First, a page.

Washington Post Snags Online Mag Slate

by , Dec 21, 2004, 12:00 AM
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Slate, the online magazine known for trenchant political commentary and penetrating cultural critique, was acquired Tuesday by the Washington Post Co., and will operate within the company's Washingtonpost.Newsweek Interactive (WPNI) new media subsidiary. Microsoft Corp., owner of the eight-year-old publication, had been in talks with potential buyers since July, when it put Slate up for sale. The terms of the deal were not disclosed.

Slate first became profitable last year, but hasn't remained consistently so. As Microsoft's MSN Internet network has focused on expanding search functions and software, developing custom advertising solutions, and cultivating broad-reach content to serve mass audiences, it didn't make sense to hold onto the niche-oriented, albeit high-profile Slate, according to MSN executives.

Slate attracted 6 million unique visitors in November, according to Nielsen//NetRatings. MSN, through which Slate has been distributed, will continue to offer the publication in an estimated three-year deal. WPNI and Microsoft executives declined to comment on bidders other than the Post Co., although the New York Times Co.'s New York Times Digital is known to have expressed interest in the brand.

Scott Moore, general manager, MSN Network Experience, and Slate's publisher from 1999 through 2002, said that MSN is more focused on online activities such as general news, sports, and health. "Slate was always a little bit of an outlier. MSN is mostly about focusing on big content categories," Moore added, saying, "because we wanted to see Slate thrive, and continue on with its success, we think it will be better served long-term, with an owner like the Washington Post Co."

Microsoft and the Washington Post Co. aren't strangers to one another. Microsoft's MSNBC, a joint venture with NBC News, has had a relationship with the Post Co. for several years; content from the Post Co.'s Newsweek.com and Washingtonpost.com is distributed on MSNBC.com.

Cliff Sloan, WPNI's vice president of business development and general counsel, is Slate's new publisher, reporting to Caroline Little, WPNI's CEO-president. Cyrus Krohn, Slate's publisher since taking over the reins from Moore, will remain with Microsoft at the company's Redmond, Wash.-based headquarters working on MSN's video business. Jacob Weisberg, Slate's editor in chief, continues in his role based in New York. Of 29 staff members, 13 are based in Redmond, and five of them plan to relocate to either New York or Washington, D.C., according to Moore. Post executives and Weisberg say no major editorial changes are planned in the near-term.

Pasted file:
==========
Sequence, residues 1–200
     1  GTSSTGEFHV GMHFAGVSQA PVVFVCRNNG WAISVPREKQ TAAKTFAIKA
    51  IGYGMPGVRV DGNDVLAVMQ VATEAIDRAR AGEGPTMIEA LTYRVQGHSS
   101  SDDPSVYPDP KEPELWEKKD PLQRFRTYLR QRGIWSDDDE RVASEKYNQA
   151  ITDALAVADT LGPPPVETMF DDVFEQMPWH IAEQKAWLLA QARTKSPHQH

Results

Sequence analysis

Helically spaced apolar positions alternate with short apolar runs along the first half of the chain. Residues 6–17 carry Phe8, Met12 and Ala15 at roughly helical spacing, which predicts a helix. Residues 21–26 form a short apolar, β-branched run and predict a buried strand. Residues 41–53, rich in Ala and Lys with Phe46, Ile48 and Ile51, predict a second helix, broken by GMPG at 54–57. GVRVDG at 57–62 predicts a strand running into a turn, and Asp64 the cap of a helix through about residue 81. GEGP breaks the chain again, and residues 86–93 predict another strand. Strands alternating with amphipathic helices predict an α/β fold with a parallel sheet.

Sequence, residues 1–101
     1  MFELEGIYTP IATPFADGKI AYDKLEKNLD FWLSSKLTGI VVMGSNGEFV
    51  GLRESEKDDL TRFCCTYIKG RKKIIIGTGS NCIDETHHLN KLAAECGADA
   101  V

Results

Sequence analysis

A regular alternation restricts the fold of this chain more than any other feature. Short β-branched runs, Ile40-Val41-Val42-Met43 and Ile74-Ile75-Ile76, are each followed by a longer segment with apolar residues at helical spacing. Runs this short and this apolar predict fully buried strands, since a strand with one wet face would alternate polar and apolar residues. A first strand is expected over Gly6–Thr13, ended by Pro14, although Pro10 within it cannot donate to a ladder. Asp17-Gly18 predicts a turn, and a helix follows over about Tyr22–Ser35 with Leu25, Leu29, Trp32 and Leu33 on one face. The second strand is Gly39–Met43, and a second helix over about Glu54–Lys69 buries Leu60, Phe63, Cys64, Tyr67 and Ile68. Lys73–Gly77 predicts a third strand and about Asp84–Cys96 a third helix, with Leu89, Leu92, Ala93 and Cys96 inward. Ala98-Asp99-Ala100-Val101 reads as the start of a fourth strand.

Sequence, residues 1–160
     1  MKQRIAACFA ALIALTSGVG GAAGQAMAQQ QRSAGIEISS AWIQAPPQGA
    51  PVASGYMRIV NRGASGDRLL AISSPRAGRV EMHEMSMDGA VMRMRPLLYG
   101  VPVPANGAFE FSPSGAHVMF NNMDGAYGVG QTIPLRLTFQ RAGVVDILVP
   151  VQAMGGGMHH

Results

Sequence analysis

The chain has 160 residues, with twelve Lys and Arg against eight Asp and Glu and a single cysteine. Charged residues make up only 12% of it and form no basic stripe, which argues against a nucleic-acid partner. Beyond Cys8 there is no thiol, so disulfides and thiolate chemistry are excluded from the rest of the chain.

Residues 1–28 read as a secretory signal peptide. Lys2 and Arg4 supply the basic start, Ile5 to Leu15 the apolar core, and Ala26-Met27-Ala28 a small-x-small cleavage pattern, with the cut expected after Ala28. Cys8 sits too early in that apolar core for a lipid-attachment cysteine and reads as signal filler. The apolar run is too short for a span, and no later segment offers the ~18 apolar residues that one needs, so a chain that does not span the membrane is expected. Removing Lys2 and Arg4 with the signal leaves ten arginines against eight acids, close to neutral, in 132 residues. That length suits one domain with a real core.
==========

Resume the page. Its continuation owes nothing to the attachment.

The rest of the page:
Weisberg is pleased by the news: "I think this is a move that's going to ensure our continuing editorial independence. We're pretty happy with the magazine as it is, but if we reach some of our financial goals, we'll be in a better position to expand editorially if we want to, and if that makes sense."

Broader Reach

Slate shares the same affluent target audience with WPNI publications. The publication is also likely to enjoy expanded distribution under the Post Co. umbrella.

"It's been tough for us to really develop the business of the magazine at Microsoft, mainly because of our small scale relative to their hugeness. But for nearly nine years, Microsoft was a terrific home for us," Weisberg said candidly. "At this stage in our development, it makes a lot more sense for us to be at a media company."

WPNI will run the business and support functions for Slate, "just like we do with Washingtonpost.com and Newsweek.com, in terms of ad sales, technology, operations, and all the non-editorial functions," said Sloan, who's been with WPNI since 2000. Slate will run as an independent editorial unit.

"We think it's a terrific fit because we've got two premier online publications in Newsweek.com and Washingtonpost.com--now we have a third superstar publication," Sloan said. "We've already been having tremendous success and momentum with our online advertising efforts. The addition of Slate will further accelerate that momentum."

Sloan declined to comment on ad revenue projections and said the Slate play wasn't motivated by an overarching desire to offer marketers bundled ad opportunities: "This is driven on the ad sales side by a desire to offer advertisers as many compelling options as we can. Each one is a terrific sale in its own right. Advertisers may want to combine sales on all three properties, but we're certainly also going to be selling each one individually, very aggressively," Sloan added.

In November, Washingtonpost.com attracted 4.5 million unique visitors, according to comScore Media Metrix. MSN's home page will continue to include Slate headlines, and Slate's home page will also carry a link to Washingtonpost.com. Conversely, Washingtonpost.com will trumpet Slate stories.

"I'm sad to see it go, but I feel tremendously happy to see Slate go to one of the icons of American journalism," Moore said, adding: "I have no doubt that we will see Slate thrive."

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